Advocates for laborers and immigrants used Mr. Segovia's death to call for criminal prosecutions of developers and construction companies that put workers at risk. They criticized the efforts of federal labor regulators as ineffective.

Robert M. Morgenthau, the Manhattan district attorney, whose office has no jurisdiction in Mr. Segovia's death, said in a telephone interview that the exploitation of undocumented laborers is increasingly drawing the attention of prosecutors in large cities.

"We're going out and trying to find these cases, because the workers are afraid to report them," Mr. Morgenthau said. "I do think it's a serious and growing problem, the exploitation of illegal workers."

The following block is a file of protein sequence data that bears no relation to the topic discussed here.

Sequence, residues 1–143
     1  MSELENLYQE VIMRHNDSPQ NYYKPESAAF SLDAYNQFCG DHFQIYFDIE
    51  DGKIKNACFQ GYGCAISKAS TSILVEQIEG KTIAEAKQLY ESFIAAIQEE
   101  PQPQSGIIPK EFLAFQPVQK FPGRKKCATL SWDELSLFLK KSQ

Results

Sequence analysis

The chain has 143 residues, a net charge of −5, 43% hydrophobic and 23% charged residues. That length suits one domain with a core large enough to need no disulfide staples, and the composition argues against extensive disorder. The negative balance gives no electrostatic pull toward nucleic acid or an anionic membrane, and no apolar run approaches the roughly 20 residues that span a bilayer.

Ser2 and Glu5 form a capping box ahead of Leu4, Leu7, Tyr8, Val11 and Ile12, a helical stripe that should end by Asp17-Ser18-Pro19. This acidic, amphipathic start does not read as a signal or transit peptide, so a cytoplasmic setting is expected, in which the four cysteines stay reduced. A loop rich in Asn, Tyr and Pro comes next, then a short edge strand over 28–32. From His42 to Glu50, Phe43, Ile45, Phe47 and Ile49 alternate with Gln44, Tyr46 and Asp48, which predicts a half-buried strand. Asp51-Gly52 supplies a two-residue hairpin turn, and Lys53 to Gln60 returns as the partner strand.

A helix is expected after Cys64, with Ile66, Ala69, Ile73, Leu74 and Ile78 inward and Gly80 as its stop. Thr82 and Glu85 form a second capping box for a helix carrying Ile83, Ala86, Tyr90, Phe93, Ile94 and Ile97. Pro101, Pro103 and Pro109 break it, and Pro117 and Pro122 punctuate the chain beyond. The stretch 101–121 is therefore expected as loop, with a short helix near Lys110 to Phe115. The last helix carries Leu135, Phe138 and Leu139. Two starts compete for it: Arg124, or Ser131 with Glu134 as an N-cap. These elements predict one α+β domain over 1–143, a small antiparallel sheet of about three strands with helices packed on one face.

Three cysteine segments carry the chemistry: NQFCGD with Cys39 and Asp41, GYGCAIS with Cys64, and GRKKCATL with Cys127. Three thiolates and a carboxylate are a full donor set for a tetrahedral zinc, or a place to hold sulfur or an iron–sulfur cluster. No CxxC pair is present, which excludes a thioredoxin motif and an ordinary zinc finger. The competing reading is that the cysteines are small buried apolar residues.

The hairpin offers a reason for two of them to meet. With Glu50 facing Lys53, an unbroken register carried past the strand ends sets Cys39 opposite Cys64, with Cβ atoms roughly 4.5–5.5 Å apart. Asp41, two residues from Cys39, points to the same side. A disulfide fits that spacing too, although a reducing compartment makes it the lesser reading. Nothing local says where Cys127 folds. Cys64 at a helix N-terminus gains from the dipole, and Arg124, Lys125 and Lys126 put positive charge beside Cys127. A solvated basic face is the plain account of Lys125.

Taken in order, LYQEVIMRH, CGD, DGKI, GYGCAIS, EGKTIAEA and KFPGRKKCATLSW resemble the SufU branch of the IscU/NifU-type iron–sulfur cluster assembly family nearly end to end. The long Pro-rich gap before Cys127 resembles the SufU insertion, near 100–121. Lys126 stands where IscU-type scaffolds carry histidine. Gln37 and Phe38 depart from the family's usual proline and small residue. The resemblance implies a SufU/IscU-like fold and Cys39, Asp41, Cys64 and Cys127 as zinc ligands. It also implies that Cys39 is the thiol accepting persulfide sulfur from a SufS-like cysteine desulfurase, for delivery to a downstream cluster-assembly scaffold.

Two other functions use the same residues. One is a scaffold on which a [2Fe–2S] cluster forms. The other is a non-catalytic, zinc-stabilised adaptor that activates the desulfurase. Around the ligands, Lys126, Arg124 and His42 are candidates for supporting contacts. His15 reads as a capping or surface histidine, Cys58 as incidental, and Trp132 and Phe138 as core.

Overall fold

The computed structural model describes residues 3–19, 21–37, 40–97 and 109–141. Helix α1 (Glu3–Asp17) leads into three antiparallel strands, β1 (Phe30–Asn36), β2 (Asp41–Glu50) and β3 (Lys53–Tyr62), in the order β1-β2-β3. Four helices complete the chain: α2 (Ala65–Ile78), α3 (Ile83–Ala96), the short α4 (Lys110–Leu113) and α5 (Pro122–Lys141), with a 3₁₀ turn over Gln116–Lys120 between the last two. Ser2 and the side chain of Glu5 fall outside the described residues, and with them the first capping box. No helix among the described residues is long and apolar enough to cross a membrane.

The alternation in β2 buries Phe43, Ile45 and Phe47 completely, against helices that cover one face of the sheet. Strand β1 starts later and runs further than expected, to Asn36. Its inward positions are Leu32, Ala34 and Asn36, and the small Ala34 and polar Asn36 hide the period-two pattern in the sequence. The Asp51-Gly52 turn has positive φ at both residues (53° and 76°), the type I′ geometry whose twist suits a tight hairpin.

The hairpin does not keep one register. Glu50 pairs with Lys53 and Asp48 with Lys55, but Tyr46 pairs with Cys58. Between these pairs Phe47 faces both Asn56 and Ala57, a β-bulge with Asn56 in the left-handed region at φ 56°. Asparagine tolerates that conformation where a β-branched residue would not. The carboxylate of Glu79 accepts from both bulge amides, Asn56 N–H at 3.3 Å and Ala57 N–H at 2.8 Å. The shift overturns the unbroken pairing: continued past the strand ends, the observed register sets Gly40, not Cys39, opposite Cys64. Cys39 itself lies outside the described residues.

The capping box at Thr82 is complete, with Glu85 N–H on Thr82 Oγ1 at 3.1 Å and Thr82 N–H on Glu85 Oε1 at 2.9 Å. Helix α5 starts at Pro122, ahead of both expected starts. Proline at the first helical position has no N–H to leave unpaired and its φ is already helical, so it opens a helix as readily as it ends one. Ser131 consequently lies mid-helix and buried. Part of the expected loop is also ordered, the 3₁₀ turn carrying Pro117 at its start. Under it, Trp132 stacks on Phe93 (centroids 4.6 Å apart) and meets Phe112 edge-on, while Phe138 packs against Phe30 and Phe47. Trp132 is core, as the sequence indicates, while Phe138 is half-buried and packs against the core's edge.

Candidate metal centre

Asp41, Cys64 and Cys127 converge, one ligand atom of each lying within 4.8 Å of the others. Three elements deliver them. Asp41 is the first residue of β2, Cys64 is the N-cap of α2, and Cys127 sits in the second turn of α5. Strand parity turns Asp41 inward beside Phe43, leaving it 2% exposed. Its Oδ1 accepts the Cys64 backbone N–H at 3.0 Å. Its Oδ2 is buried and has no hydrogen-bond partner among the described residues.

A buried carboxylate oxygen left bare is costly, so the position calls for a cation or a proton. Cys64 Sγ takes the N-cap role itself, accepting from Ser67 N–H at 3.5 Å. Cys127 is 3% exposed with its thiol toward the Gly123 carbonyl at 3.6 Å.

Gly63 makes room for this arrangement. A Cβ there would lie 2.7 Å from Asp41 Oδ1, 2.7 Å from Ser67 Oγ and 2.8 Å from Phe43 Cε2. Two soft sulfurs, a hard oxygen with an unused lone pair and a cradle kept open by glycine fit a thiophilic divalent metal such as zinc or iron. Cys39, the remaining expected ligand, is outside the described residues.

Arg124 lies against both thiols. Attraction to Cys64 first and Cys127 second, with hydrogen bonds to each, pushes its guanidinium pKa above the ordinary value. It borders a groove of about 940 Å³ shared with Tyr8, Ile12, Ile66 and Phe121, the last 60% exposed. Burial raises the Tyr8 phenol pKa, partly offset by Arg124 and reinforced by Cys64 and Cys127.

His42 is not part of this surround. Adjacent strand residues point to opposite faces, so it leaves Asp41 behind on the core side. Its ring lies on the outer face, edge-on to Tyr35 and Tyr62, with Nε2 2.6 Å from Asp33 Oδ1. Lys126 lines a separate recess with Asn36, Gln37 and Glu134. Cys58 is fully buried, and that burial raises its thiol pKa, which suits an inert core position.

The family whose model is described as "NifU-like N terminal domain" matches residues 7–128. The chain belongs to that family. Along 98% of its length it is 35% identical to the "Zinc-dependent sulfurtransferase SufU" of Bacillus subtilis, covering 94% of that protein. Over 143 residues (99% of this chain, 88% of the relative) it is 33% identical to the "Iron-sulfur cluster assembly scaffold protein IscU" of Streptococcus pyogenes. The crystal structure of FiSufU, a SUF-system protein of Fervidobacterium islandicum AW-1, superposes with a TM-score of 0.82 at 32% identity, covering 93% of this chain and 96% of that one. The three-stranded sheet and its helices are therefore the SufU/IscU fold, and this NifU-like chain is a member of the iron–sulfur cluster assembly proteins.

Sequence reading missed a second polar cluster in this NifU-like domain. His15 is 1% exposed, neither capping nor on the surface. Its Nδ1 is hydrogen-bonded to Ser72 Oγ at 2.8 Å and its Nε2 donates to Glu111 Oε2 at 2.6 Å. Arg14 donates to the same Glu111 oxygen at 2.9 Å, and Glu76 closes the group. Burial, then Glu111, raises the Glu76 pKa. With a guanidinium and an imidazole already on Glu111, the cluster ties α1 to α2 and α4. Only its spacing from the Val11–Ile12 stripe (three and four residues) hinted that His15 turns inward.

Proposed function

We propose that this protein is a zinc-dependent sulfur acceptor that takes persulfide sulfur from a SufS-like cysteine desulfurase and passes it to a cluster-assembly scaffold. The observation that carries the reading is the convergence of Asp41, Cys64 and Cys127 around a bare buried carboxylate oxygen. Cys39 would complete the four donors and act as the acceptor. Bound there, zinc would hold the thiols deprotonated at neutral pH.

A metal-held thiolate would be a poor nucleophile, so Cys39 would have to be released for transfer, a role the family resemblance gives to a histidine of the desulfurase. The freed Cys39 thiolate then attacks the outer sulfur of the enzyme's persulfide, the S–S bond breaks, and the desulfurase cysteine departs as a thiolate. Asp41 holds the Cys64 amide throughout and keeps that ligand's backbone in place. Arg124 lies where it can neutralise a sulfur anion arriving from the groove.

The city's Buildings Department workers, who had sealed off the site of the accident at the intersection of Forth Hamilton Parkway and 97th Street in Bay Ridge, began dismantling the balconies yesterday. Some of the workers on the project returned to the building yesterday to pack up and head off to work on another project for Big Apple in New Jersey.

One of the two workers injured in the collapse, Jose Fernandez, 20, was released from Lutheran Medical Center in Sunset Park, said Neal Gorman, a hospital spokesman. A second injured worker, who was admitted to Lutheran under the name Bac Gumyul, 40, was in critical condition, Mr. Gorman said.

Mr. Segovia and the injured workers were pouring concrete onto a balcony roof that was held up by cantilevered support beams when one of the beams gave way, sending the workers tumbling three stories in a deluge of bricks and flowing wet cement.